Camp Ton-A-Wandah is a traditional residential summer camp for girls located in the Blue Ridge Mountains of Western North Carolina. Ton-A-Wandah which mean “by the fall of water” was established in 1933 with the intent to provide an unspoiled summer retreat for girls ages 5-16. That mission lives on today and our goal is to provide a safe, fun, and meaningful camp experiences where girls learn to become independent and self-reliant in a safe and supportive environment.
The program provides campers over forty activities in areas such as horseback riding, fine arts, preforming arts, dance, volleyball, basketball, softball, lacrosse, soccer, tennis, games, archery, riflery, rock climbing, high ropes, swimming, kayaking, canoeing, paddle boarding, hiking, backpacking, and many more. The program is staffed by well-trained dynamic and inspiring young women who act as positive motivating role models for our campers. The high level of knowledge and skill our staff possess allow them to excel in their roles as cabin counselors, activity instructors, and role models and creates an atmosphere that fosters an increase self-confidence and resilience in our campers.
The camp is proudly accredited by the American Camp Association and is an active member of the North Carolina Youth Camp Association. We have received The Safety First designation presented by the Markel Group every year since 2007 for leading the industry in risk management assessment and training for our staff while providing a safe and incident free experience for our campers.
Camp Ton-A-Wandah is not just a place but a place in your heart. We hope to have the opportunity to speak with you and welcome your family into ours. For further information or to schedule a tour of our facility please contact our office at 828-692-4251 or Email Camp Ton-A-Wandah.
Horse Related Activities
Traditional hunt seat riding program which focuses on teaching fundamentals, confidence and advancing skill levels. Ton-A-Wandah's riding program is second to none, built upon a tradition of equestrian excellence. Our stables are a place where beginners can learn the basics and experienced riders can seek out new challenges. The camp's solid reputation in this field has been earned through three quarters-century's commitment to hiring gifted instructors and maintaining an exceptional group of horses, none other than the University of South Carolina Equestrian Team's horses.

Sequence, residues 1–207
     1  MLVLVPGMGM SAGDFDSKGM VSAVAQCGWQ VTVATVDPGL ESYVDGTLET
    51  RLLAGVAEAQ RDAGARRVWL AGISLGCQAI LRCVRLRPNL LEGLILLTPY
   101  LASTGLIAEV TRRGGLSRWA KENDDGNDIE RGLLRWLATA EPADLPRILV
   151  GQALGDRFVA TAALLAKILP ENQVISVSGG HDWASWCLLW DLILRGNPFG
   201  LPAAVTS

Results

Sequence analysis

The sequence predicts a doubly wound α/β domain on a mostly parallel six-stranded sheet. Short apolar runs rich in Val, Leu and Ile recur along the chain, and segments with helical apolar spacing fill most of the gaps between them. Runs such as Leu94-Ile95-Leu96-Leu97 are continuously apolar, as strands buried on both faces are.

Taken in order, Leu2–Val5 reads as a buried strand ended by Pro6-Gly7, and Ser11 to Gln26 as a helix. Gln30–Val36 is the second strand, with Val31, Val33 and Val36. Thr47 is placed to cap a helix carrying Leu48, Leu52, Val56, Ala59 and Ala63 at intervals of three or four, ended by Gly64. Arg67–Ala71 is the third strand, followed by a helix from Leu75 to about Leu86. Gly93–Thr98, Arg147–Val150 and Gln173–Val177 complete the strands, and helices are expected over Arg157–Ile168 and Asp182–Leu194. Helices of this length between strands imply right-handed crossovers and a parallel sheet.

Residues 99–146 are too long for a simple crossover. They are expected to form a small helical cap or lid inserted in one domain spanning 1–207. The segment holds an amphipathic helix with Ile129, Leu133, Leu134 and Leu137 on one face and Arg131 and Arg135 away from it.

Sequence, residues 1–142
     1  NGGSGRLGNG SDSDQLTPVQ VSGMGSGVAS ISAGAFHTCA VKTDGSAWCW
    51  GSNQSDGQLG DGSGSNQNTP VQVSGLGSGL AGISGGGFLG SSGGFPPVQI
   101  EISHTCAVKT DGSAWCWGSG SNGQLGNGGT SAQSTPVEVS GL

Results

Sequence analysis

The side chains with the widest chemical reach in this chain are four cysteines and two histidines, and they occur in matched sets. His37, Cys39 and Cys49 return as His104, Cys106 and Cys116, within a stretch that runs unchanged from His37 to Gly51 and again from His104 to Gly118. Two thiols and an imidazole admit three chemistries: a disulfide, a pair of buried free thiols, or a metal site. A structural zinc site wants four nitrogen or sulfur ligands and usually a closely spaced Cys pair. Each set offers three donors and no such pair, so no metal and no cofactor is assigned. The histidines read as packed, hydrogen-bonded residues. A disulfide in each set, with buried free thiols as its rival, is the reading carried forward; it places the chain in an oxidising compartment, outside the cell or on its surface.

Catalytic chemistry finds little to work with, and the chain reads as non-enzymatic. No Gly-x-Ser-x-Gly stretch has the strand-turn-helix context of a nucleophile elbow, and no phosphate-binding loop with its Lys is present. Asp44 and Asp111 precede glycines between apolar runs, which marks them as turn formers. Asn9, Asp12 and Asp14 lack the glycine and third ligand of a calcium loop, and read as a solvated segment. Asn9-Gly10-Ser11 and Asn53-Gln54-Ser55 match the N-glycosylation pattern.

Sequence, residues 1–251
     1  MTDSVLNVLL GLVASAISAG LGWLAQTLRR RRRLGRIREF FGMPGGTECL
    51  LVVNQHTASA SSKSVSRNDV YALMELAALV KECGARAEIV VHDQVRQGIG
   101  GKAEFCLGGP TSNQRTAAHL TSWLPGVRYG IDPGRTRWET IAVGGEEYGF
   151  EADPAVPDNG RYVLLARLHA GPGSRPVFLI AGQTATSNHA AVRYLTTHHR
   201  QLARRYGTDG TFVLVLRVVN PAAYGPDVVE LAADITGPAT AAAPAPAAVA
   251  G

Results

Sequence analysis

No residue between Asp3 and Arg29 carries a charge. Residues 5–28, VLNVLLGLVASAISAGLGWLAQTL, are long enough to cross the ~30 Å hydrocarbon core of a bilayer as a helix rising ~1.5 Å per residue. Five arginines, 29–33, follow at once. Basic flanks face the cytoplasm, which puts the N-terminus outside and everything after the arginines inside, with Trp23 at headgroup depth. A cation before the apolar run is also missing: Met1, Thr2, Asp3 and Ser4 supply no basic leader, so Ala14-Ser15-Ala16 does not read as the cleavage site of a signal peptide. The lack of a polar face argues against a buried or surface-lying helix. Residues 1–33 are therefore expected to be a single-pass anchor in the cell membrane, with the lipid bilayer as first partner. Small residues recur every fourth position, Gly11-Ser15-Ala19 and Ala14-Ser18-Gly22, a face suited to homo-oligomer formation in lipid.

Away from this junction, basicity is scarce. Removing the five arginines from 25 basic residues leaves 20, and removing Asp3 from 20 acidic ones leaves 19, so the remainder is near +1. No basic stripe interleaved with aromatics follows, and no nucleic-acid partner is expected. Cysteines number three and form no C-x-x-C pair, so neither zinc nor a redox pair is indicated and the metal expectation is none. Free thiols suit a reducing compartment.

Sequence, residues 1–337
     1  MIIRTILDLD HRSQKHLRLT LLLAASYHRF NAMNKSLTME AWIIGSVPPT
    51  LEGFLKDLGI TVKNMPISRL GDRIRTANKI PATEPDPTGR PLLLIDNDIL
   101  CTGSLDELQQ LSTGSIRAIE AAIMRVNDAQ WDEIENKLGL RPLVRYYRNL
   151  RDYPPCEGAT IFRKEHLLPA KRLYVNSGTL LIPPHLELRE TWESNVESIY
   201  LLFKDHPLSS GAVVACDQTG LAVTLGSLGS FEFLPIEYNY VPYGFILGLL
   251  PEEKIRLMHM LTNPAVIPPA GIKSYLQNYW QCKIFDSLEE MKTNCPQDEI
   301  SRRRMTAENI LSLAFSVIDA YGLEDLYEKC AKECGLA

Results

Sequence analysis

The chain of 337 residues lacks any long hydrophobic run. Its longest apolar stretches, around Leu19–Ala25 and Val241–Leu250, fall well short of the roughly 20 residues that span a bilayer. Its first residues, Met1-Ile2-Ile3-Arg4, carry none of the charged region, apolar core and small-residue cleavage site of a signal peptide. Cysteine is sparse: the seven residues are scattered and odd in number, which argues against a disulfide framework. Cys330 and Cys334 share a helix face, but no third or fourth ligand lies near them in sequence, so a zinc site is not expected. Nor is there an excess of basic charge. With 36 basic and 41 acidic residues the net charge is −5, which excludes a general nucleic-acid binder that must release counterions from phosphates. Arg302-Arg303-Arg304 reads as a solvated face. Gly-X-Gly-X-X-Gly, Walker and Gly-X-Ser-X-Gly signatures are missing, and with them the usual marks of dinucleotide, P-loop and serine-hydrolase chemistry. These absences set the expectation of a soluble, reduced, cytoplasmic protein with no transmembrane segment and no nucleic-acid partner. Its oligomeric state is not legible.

The program is based on the principles of Hunt Seat Equitation with constant emphasis on safety and respect for the animal. Campers are instructed in the care and handling of horses, how to mount and hold the reins, and how to achieve a good seat and sure hands. Once the rider has control of herself and her mount, she learns to post a trot and canter on the right lead. Campers have the opportunity to demonstrate what they have learned at the exciting Horse Show at the end of each session. Experienced judges award ribbons and prizes for achievement at every level.
Instruction in jumping is available to qualified riders who have written parental consent. Our graceful jumpers love to clear the rails, and no rider ever forgets the thrill of sharing those leaps.
Riding for Juniors is structured with their special needs in mind. Their classes are scheduled in harmony with the more advanced groups, and their horses are the most docile in the stable. This separate attention allows the younger girls to gain confidence and control without distraction.
Each girl progresses at her own pace, and there is no pressure to advance beyond basic equestrian skills.
Other Camp Activities
Campers live in cabins with 8-12 girls that are their same grade-age with 2-3 counselors. Cabins are equipped with toilets and sinks. Shower facilities are located in close proximity to cabins. Healthy and well balanced meals are served family style three times daily. Canteen is available each morning and afternoon and is included in the camp tuition.
Activity schedules are set up much like a college schedule with a slate of six activities on Monday, Wednesday, Friday and six activities on Tuesday, Thursday, Saturday giving the campers a total of twelve activities. Activities are selected by the camper on the first day of camp and skill progression is measured in a “rank book” which allows the campers to excel in their chosen activities.